In light of coronavirus (COVID-19) pandemic impacts on their supply chains, organizations around the world are wrestling with what the new normal looks like for them. Yossi Sheffi, Ph.D., the Elisha Gray II Professor of Engineering Systems at the Massachusetts Institute of Technology in Boston, has an even better description of that environment, which he has aptly titled his new e-book, The New (Ab)Normal: Reshaping Business and Supply Chain Strategy Beyond Covid-19.
More than just a primer on how supply chains have been impacted — from workplace changes to supply and demand challenges to financial concerns to governmental policies — the book delves into the opportunities presented by the pandemic and what the future supply chain environment might look like. It offers examples of how organizations have been revamping their supply chains through risk mitigation, as well as insights on how companies have adapted and created agility in their quest for economic sustainability.
Among the book’s top messages:
1) Supply chain management has been elevated within organizations and in society. There has been a realization that it is a complex function that “makes life possible,” says Sheffi. “Nobody used to know what supply chain management was, but due to the pandemic, now everybody knows what it is.”
2) The pandemic has accelerated the adoption of technology, and many of these technologies are aiding in innovation, manufacturing flexibility and supply chain visibility. Support from top management has helped reduce implementation hurdles, Sheffi says.
Consider, for example, the speed at which retailers have improved their e-commerce presence and adopted omnichannel capabilities, he says. “Retailers suddenly realized that they had to move to e-commerce or go out of business,” he says. They also recognized that to remain economically viable they needed to (1) ensure all their merchandise was available online and continually updated and (2) offer a variety of delivery and payment options, he says.
E-commerce platforms like Etsy, in which artisans sell directly to consumers, have enabled smaller retailers to compete against larger online retailers, Sheffi says. They “offer a dynamic and flexible retailing channel for selling in more volatile and less predictable environments,” he notes in the book. Such sites also enable companies to quickly respond to trends and needs. “Etsy, for example, within weeks had 60,000 people on the platform selling masks,” Sheffi says.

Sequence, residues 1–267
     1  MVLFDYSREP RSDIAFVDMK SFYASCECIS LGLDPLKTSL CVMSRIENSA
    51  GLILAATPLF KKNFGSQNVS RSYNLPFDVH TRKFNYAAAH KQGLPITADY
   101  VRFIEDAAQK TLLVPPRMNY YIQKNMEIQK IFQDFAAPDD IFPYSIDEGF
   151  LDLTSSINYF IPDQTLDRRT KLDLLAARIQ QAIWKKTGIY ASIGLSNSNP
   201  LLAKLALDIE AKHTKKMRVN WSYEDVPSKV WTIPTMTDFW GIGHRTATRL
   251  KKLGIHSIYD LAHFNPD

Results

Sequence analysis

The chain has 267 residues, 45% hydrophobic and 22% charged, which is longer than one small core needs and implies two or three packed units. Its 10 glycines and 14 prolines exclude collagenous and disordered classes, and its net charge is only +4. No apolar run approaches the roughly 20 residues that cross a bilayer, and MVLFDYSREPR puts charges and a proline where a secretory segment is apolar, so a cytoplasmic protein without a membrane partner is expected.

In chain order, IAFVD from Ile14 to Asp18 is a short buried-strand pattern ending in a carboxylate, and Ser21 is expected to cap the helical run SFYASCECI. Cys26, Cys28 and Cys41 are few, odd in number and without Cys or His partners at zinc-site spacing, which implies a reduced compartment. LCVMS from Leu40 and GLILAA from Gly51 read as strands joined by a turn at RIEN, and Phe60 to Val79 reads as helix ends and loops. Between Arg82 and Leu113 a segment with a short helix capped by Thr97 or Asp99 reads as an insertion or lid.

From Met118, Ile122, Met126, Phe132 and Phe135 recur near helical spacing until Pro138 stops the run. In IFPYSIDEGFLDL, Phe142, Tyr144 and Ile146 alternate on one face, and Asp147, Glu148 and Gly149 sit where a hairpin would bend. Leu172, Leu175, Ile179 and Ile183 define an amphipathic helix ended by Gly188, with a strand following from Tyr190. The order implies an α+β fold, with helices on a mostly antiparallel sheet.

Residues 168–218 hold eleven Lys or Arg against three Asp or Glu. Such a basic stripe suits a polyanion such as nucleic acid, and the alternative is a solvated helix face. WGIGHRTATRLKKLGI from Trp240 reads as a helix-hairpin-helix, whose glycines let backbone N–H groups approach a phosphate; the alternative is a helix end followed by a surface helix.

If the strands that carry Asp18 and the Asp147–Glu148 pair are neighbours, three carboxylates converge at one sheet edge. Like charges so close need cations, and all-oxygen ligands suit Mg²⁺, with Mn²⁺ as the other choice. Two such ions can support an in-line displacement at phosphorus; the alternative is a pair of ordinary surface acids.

3) Collaboration with suppliers is a critical component of the new (ab)normal supply chain environment. It can determine whether a company has adequate supply, as well as aid with innovation and other value-add opportunities.
Companies often debate the value of supplier relationships and collaboration, Sheffi says, and in good times, getting the best cost often drives supplier selection. “However, organizations in general are starting to look at other objectives, namely, assurance of supply,” he says. “Whether they need more inventory, to move operations or sourcing out of China, or to develop better supplier relationships — all of this contributes to how organizations should not worry about getting the lowest piece price possible but about being able to sustain their operations economically.”
Good supplier relationships can elevate organizations, especially during a crisis, he says: “Demand could be too high, or there’s not enough supply, so the question is who gets the supply. The one who gets it is the organization with the trusted, long-term relationship.”
In the book, Sheffi notes: “COVID-19 proved we are all dependent on each other. … those familiar with supply chains knew the potential power of all the interconnecting pieces to do almost anything if one connected the right pieces and synchronized their activities.”
Sheffi adds that there is a human-interaction element that’s paramount to developing good supplier relationships and collaboration. Existing relationships can be carried out through virtual meetings, at least for a while, he says.
“However, creating new relationships with say, a new supplier in China, requires flying there and meeting with them,” Sheffi says. “You have to negotiate hard — and then have dinner with them. It’s part of creating trust — because at the end of the day, people don’t trust companies, they trust people.
“You have to look people in the eye, look at the product and decide if you want a relationship. I just don’t see it not happening. There is no other way to do it. It is too easy to get on the wrong side of the relationship if you just do it in a virtual meeting. (In-person interaction) will come back — and relatively quickly — the minute there is some semblance of a vaccine or therapeutic measures. People have to feel safe.”